Monday, December 10, 2012

Major league commissioners all testify in New Jersey gambling case



Typically, sports commissioners try to avoid testifying under oath.  Like the chief executives that they are, they don’t like to submit to authority.

It’s not that they’re rebels; instead, they’re suit-wearing kings of one realm who don’t want to answer to the black-robed kings of another realm.

But in the combined effort of the NFL, NBA, NHL, and MLB to block sports betting in New Jersey, all four commissioners have given sworn depositions, answering under oath a stream of questions posed by lawyers who represent the state.

NFL Commissioner Roger Goodell was grilled on a topic that rarely comes up when considering the league’s staunch opposition to gambling.  The NFL plays games in two countries that embrace it:  Canada and England.

”Well, we’re playing in their country, we’re coming to them,” Goodell said, via the Associated Press. ”And we’re only there for a short period of time; we’re there for two or three days.  It’s not what we choose, it’s not what we believe is in the best interests of sports, but we don’t dictate the rules or the laws.”
Goodell’s “short period” argument would seemingly rule out placing a franchise in Canada or London, something at which the league has been hinting in recent years.

NBA Commissioner David Stern was more pointed, as he tends to be.  “The one thing I’m certain of is New Jersey has no idea what it’s doing and doesn’t care because all it’s interested in is making a buck or two, and they don’t care that it’s at our potential loss,” Stern said.  It’s unclear what the NBA’s potential loss is, if gambling becomes legal in a state that the NBA abandoned with the move of the Nets to Brooklyn.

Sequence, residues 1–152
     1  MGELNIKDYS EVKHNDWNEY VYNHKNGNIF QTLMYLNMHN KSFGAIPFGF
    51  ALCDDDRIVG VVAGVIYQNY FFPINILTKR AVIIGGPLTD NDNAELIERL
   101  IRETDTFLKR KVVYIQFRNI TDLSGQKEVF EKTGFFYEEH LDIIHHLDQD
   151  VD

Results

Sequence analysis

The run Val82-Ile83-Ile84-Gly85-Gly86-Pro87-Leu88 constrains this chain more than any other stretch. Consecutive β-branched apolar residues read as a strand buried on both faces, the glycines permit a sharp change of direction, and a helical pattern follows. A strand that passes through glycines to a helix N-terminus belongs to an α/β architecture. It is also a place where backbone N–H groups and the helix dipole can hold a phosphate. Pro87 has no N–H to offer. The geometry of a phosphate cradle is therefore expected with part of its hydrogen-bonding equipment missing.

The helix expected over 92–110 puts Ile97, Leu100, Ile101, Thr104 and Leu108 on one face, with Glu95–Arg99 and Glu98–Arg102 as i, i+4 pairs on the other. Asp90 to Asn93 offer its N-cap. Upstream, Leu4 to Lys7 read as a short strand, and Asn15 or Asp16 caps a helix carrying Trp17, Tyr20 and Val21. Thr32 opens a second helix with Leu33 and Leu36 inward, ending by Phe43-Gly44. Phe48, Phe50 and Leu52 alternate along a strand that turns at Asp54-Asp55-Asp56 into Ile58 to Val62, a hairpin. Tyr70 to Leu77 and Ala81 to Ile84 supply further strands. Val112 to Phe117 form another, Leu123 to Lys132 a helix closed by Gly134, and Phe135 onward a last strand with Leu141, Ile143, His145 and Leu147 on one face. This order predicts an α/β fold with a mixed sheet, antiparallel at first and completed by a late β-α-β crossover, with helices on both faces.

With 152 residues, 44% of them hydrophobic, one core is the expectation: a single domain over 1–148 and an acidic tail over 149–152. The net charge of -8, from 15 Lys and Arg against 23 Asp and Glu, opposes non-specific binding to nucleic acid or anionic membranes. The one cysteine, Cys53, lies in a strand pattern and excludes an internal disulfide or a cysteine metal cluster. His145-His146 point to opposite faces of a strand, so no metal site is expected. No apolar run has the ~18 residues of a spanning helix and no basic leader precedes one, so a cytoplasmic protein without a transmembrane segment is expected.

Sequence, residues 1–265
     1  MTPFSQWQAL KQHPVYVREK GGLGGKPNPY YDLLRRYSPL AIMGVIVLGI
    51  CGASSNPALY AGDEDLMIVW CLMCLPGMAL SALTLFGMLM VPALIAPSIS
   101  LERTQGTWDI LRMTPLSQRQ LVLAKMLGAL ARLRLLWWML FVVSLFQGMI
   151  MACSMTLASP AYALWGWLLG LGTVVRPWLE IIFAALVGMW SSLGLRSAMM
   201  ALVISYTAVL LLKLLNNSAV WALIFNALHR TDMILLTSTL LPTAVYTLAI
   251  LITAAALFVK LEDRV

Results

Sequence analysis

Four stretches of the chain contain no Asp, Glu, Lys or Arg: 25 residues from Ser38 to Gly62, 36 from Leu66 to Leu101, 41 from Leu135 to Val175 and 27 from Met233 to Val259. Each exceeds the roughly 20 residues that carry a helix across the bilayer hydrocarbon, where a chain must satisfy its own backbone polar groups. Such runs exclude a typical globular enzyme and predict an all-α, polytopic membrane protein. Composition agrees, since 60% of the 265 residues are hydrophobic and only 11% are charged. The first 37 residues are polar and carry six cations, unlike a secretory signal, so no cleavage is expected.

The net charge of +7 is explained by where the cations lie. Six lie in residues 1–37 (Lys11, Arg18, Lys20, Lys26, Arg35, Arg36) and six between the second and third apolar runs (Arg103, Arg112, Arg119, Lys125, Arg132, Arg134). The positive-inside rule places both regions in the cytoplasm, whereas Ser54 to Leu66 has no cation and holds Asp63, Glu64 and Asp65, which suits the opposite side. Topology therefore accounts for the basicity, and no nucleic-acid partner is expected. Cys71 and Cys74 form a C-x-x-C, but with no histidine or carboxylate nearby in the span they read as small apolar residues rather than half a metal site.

Stern also suggested that New Jersey Governor Chris Christie is violating his sworn obligations, pointing out that the basketball czar’s position is “wholly apart from the fact that a governor, who’s a former U.S. Attorney, has chosen to attack a federal law which causes me pause for completely different reasons since
I’ve at times sworn to similar oaths about upholding the law of the United States.”

Baseball Commissioner Bud Selig opted to moralize generally, saying that he’s “appalled” by New Jersey’s cash grab.  ”I know states need money. I really mean that,” Selig said. ”I understand all the problems.  Federal government needs money, going over a cliff, cities need money.  Chris Christie needs money.  But gambling is so . . . the threat of gambling and to create more threat is to me — I’m stunned. I know that people need sources of revenue, but you can’t — this is corruption in my opinion.”

New Jersey’s primary argument is that a 1992 federal law that restricts the growth of sports gambling and allows some states to maintain sports gambling programs violates the Constitution, and unfairly supersedes the authority of state law.  If that’s the case, it’s unclear why testimony from the various Commissioners was necessary; their own views on gambling are irrelevant to New Jersey’s effort to circumvent federal law.

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